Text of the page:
A gruesome attack on Facebook Live raises new legal questions as felony crimes and hate crimes play out on social media. 1.800.NoCuffs founding criminal defense attorney Darren Kavinoky appears on CNN International January 4, 2017, to delve into the recent Facebook Live beating of one man, who CNN reports has mental health challenges, live on social media resulting in the arrest of four people. Kavinoky calls it, “the definition of felony stupid.”  Facebook took down the original video of the attack.
Watch Darren Kavinoky’s appearance on CNN International live below.
— Nate Witkins (@natecnn)
Felony on Social Media
Criminal Defense Attorney Darren Kavinoky says, “I think we more and more of these social media channels that are available, we’re actually going to see more and more of this. This isn’t the first time that crimes have been resolved thanks to social media.” On the rise in frequency of video evidence due to citizen journalists and officer body or dash cams, Kavinoky says, “It does one of two things. I’ve seen several examples where the video tape contradicts what the officer wrote in a narrative report which is great for me as a defense lawyer. Or, it allows me to have a very frank realistic conversation with my client and say, ‘Hey look, this is a crime that was captured on video tape. So let’s talk about a graceful elegant exit to this case and how we can settle it in the most favorable way.'”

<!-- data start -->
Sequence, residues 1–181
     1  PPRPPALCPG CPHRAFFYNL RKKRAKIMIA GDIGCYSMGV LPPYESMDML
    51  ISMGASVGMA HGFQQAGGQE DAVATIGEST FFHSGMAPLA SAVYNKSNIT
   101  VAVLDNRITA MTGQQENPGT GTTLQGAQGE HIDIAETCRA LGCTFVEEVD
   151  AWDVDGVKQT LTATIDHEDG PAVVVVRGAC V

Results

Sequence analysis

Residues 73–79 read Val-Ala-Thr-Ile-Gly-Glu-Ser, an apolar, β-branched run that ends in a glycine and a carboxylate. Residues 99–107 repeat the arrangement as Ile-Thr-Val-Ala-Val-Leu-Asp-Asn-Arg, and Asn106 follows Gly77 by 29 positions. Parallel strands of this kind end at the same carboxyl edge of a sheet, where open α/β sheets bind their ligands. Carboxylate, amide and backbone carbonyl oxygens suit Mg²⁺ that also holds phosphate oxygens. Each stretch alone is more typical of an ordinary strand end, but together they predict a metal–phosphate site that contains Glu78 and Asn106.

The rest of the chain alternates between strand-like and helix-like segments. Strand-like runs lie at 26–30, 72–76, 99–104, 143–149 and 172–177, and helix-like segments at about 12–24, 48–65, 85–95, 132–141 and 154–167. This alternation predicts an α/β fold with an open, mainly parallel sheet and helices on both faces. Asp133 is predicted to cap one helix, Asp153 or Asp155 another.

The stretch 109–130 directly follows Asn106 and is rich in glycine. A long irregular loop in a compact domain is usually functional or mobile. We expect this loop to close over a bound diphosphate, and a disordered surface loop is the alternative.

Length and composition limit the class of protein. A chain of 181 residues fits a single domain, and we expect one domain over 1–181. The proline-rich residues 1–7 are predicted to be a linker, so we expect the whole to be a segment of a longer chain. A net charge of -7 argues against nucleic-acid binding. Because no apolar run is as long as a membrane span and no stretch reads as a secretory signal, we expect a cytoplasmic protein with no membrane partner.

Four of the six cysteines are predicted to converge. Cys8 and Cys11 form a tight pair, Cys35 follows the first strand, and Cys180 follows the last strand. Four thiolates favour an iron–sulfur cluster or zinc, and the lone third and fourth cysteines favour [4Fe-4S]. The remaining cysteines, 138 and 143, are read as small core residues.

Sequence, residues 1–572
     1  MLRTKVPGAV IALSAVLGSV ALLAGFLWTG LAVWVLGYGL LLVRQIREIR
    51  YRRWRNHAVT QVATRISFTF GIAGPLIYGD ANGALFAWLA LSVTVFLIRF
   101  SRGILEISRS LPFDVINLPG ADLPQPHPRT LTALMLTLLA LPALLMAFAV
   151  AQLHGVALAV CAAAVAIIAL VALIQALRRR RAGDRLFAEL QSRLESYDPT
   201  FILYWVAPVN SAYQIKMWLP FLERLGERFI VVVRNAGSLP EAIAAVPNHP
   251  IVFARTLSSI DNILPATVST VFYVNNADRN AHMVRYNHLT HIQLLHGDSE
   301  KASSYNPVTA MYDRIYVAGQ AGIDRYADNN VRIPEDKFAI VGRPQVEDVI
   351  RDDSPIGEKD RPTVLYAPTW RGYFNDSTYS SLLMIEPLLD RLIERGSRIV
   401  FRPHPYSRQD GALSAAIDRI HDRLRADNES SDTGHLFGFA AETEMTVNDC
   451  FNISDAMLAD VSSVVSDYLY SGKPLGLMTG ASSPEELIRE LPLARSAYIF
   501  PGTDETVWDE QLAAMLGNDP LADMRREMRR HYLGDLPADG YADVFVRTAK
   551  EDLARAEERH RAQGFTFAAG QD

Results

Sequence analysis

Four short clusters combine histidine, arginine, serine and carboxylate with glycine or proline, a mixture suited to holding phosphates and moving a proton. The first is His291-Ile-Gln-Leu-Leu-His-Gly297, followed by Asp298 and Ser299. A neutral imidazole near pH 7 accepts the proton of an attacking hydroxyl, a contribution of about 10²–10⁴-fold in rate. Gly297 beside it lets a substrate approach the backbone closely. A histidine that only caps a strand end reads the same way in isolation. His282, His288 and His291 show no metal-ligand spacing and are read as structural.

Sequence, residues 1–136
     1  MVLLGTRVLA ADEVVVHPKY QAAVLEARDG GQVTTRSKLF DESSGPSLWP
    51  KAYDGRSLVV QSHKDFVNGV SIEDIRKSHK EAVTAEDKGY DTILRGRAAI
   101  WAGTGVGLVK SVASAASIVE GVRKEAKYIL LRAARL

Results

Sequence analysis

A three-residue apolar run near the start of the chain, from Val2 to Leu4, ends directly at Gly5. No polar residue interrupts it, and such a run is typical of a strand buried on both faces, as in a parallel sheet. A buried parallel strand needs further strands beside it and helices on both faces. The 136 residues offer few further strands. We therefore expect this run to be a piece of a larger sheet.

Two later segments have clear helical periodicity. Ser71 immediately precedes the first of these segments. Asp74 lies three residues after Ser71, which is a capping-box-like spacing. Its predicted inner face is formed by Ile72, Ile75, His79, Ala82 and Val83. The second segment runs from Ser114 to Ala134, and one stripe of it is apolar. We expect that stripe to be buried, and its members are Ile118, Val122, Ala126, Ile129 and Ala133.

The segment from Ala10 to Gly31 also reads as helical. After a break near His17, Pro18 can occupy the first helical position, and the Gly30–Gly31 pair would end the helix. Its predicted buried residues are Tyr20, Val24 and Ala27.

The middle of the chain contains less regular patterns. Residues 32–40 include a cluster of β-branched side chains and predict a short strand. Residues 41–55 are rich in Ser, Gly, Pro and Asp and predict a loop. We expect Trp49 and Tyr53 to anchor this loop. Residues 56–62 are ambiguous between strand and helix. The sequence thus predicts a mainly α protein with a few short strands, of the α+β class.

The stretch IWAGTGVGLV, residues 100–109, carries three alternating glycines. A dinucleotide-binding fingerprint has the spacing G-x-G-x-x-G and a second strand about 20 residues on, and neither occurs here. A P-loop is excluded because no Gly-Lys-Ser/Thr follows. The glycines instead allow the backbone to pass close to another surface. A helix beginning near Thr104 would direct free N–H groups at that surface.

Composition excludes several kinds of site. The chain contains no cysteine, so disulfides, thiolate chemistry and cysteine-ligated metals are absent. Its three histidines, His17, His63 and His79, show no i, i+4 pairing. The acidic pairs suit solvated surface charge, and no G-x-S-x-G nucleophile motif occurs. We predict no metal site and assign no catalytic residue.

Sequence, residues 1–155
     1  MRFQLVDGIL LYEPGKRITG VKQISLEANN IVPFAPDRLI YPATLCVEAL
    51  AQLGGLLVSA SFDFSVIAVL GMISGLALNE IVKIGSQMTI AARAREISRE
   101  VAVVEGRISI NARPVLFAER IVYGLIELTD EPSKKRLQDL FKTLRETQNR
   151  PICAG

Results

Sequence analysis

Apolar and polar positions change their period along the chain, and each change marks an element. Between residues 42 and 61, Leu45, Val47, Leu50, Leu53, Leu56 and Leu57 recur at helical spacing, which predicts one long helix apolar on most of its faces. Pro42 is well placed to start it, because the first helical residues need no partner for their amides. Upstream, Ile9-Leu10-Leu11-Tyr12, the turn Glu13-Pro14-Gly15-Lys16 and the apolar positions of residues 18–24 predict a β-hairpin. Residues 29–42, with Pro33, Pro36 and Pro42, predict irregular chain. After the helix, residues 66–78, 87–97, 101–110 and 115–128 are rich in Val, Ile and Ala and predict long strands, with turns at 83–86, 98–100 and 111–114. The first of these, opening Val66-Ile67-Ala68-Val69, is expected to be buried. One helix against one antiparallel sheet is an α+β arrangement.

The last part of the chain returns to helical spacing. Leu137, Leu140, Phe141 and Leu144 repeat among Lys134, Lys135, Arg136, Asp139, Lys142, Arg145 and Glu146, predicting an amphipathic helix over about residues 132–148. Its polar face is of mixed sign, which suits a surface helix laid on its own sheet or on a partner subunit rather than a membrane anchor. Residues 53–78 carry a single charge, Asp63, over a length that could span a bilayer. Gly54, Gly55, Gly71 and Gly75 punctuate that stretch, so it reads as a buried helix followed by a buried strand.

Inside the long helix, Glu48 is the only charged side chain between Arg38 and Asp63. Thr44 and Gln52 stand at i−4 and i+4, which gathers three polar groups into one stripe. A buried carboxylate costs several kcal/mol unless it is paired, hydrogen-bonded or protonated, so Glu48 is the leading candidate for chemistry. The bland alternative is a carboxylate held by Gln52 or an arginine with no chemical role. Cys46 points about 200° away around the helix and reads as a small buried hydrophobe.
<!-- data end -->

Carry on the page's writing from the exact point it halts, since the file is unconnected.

Legal Issues of Hate Crimes
When asked if the crime is worse because it is broadcast live and is possibly a hate crime, Darren Kavinoky replies, “Hate crimes can be motivated by race but hate crimes are motivated by things that are more than just race or ethnic group, it could be motivated by somebody’s disability status. And so, if this is a crime that was motivated in whole or in part by this young mans special needs that can be used to enhance whatever sentence a judge is inclinded to hand out.”
On felony sentencing of cases like this Kavinoky adds, “In the United States criminal justice system, it’s routine that a judge or a prosecutor when they’re considering what kind of settlement to enter into are going to look at what’s called factors of aggravation, (things that make it worse), or factors of mitigation, (things that would tend to lesson someone’s culpability.) Somebody being a special needs person is certainly a factor in aggravation because here we have people that are exploiting the unique vulnerability of this young man.”
1. CNN International.
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